1.The bravery of the Allied soldiers. I always wonder how men today – myself included – would react to a war situation like the Normandy invasion. Would we be racing to shore despite the hail of bullets, or would we be cowering in the landing craft in a fetal position? I wonder, similarly, how we would have survived (or not) in the forests running from the Nazis, living in fear of instant death, subsisting on turnip roots or food stolen from somebody’s kitchen. Or what we would have done if we were the captain of the sinking South Korean ferry, who walked to safety while 300 of his passengers went to their deaths? Would we have been like him, or would we have been like the ferry crew member named Park Ji-Young, 22, who helped teenagers get life jackets and escape by urging them to jump into the frigid waters of the Yellow Sea where rescue boats were waiting. She stayed behind without a life jacket for herself despite the youngsters’ entreaties to jump with them. She was later found dead floating in the sea. Would we have been that crew member, or the captain, or would we have been the captain of the Italian cruise liner the Costa Concordia which sank two years back and who was one of the first off the ship? The truth is we do not know which we would have been, and we certainly do not know whether we could come close to matching the courage and determination of the Allied troops at Normandy. At the least, though, we have to admire what they did. It may not be an exaggeration to say that their courage saved the free world. They should have our admiration and respect and appreciation.
2. Not sure how to say this second thing about D Day that stands out for me. I am struck by the complicated reality that is the human spirit. Two examples: Remember Leo Scheer, featured in the Post cover story, last seen swimming for Omaha Beach, his burning landing craft dead in the water, with a pattern of machine gun bullets splashing towards him? Remember that he told the reporter that his worst moments were actually three weeks later when he was being sent back to England and out of danger? He was despondent. Why, he agonized, when 9000 soldiers were killed or wounded, had he come through without a scratch? On the day he learned he would be going out of the battle zone, he left his buddies and went alone to a secluded spot. He had been worried about his parents if he should be killed, but now he was anguished that he had lived. “I was down… depressed, sad, just totally screwed up,” he said. “You think you’re dead, or going to die. The enemy fire is coming at you. You could see it,” he said. “To my left, here comes a pattern. Splash, splash, splash. About every 6 or 8 inches, a machine gun bullet would hit, coming right at us.” The bullets came within a few feet of him – and stopped. “I’ve wondered all my life what made the gunner stop. It’s an emotional damned thing. Why did I survive? You think about all those dead kids… How did I get out of this myself, and not a scratch?”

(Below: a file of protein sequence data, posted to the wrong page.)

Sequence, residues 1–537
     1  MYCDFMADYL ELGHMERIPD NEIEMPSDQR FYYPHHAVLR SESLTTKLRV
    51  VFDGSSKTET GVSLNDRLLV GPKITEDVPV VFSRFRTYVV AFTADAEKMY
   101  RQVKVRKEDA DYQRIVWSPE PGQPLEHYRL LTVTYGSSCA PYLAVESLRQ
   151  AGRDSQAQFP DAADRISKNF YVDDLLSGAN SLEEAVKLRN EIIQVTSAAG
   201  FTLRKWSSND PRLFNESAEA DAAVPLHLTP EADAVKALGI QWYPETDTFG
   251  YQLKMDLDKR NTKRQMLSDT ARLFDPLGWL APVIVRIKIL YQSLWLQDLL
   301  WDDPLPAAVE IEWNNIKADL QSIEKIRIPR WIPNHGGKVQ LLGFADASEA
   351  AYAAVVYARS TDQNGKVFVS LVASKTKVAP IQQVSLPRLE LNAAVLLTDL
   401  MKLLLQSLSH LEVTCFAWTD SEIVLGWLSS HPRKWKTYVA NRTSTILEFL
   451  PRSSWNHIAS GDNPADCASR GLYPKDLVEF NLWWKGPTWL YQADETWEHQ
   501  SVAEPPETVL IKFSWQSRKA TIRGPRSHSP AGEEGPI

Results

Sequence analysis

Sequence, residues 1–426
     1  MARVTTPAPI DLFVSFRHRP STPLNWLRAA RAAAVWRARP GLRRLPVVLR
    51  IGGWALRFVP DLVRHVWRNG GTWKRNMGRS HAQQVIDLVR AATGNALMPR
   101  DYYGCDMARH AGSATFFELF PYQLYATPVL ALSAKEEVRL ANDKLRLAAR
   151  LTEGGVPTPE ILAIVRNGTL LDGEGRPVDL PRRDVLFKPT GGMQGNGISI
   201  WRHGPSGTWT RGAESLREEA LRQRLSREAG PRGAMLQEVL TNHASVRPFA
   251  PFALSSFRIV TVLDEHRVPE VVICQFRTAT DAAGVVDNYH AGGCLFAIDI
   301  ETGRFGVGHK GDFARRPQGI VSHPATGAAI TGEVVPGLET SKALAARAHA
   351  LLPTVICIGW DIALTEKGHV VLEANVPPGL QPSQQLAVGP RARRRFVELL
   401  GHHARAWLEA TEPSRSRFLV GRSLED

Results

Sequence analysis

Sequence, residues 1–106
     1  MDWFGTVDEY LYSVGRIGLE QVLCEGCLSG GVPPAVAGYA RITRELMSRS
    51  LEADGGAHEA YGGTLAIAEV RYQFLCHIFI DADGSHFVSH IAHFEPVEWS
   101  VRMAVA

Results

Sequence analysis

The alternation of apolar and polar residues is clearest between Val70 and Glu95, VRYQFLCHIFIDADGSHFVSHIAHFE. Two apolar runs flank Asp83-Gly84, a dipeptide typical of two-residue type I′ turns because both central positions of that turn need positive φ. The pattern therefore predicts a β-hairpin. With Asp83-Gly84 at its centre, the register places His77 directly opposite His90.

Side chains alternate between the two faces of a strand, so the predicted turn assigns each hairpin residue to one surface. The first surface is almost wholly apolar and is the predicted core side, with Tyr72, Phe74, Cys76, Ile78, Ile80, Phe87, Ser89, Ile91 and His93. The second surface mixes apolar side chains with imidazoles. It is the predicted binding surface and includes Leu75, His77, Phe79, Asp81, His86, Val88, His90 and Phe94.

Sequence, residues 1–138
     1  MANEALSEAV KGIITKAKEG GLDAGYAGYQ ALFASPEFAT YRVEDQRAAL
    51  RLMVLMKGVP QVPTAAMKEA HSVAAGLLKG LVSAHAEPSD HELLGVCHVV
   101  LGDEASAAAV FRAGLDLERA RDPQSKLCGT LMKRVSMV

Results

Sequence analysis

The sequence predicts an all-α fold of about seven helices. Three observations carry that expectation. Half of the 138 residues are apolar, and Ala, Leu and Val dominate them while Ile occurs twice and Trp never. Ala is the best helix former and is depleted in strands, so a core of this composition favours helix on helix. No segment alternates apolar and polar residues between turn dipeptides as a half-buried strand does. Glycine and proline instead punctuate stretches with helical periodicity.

Isn’t that striking? Feeling guilty for not being killed? I know that happens, but it still amazes me. That is one kind of human reaction that speaks to the human spirit. That portrayed at the point of finding Private Ryan in the movie is another. Ryan is told of his brothers’ deaths and that the soldiers facing him are on a mission to bring him home, and that two men have been lost in the quest to find him. He is distressed at the loss of his brothers, but does not feel it is fair to go home, to abandon his fellow soldiers. So he asks Capt. Miller to tell his mother that he intends to stay with the only brothers he has left. Isn’t that striking? The sense of brotherhood with men who are not your brothers, some special kind of human loyalty, despite the dangers, is on display all over this and many war stories.